In my world, there is a difference between work submitted on time and that which is submitted late. I tend to assign a lot of work in my classes, and I expect all of it to be submitted on time. Every time. In addition to my philosophical and professional reasons a student should submit work on time, I consider excuses – any excuse, really – to be lame.
I have spent most of this week at the annual SITE (Society for Information Technology and Teacher Education) conference in Savannah, GA. This is my first time to visit this city, and based one what I have seen so far, it’s very nice. I was involved in two presentations, and the details for each are below:
One of the main responsibilities I have in my profession is to keep inquiry, knowledge, and skills moving forward. My particular slice of inquiry, knowledge, and skills that I am committed to moving forward is the use of technology in higher ed teaching and learning. One channel for doing this academic and professional development conferences. I had the opportunity to speak at one such conference this week in Boston. The conference is Campus Technology Summer Conference 2015. I gave a talk about using technology effectively in large lecture classes where students bring their own devices (bring your own device, or BYOD). Here are the slides to my presentation, and here is a recording of the presentation (slide capture only). Overall, it was a good conference, and I made some great contacts. I look forward to returning to CT Summer Conference in the future.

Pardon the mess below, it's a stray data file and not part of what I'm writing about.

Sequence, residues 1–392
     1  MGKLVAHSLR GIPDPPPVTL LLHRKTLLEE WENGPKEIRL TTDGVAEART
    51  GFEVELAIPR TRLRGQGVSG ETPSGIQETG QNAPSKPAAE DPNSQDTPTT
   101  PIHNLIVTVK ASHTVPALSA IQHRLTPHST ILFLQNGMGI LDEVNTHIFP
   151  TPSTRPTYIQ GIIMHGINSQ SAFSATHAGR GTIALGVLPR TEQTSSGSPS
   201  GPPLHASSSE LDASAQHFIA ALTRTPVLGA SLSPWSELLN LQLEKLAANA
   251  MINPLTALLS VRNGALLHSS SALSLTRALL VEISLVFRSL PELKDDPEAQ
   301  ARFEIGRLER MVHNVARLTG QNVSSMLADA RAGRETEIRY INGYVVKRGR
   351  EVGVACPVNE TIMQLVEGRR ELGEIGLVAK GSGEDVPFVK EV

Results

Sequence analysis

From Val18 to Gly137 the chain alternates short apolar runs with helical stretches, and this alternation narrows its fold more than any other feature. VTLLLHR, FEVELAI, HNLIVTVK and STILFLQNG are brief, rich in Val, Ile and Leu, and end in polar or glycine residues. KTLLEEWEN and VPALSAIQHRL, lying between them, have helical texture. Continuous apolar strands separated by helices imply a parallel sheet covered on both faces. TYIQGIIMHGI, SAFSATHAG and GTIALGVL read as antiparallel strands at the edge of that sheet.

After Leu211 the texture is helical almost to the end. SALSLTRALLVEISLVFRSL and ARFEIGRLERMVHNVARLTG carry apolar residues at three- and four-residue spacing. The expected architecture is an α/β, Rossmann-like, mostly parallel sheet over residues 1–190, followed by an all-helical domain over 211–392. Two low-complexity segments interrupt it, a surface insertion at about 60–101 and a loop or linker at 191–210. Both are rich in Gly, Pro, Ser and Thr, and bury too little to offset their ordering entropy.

As a teacher, professor, or instructor at any level, one of the keys to survival is knowing how to continually learn and grow. Personal learning is one of the characteristics of teaching effectiveness. It is easy to get stuck in a rut in any profession, but teaching is especially vulnerable to this tendency because teachers are continually having to adapt to new students, new materials, new mandates, and new approaches to learning. It’s surprisingly easy to just find a comfortable middle ground and float along, usually at the students’ expense.
I have been thinking about gamification a lot lately. I teach a really big class full of energetic undergraduates, and I want to make the class better. It is already pretty darn good, but there is always room for improvement. One way to do this is to add game elements to some of the more mundane aspects of the course.
It’s that time of year again, when I spend a lot of time reflecting on the semester and academic year. I have already posted once about this, and I have at least two more ideas incubating in my mind. The idea that came to me today as I graded final exams, calculated final averages, and entered final grades into “the system” is that universities – or perhaps my university – put a lot of emphasis on finals. This led me to consider whether or not there TOO much emphasis on final exams. As it is now, we set aside an entire week, shuffle the schedule, and give each professor 2.5 hours to administer the exam. Yet, I have not given a comprehensive final since my 2nd year of teaching higher education. Is this really worthy of its own week?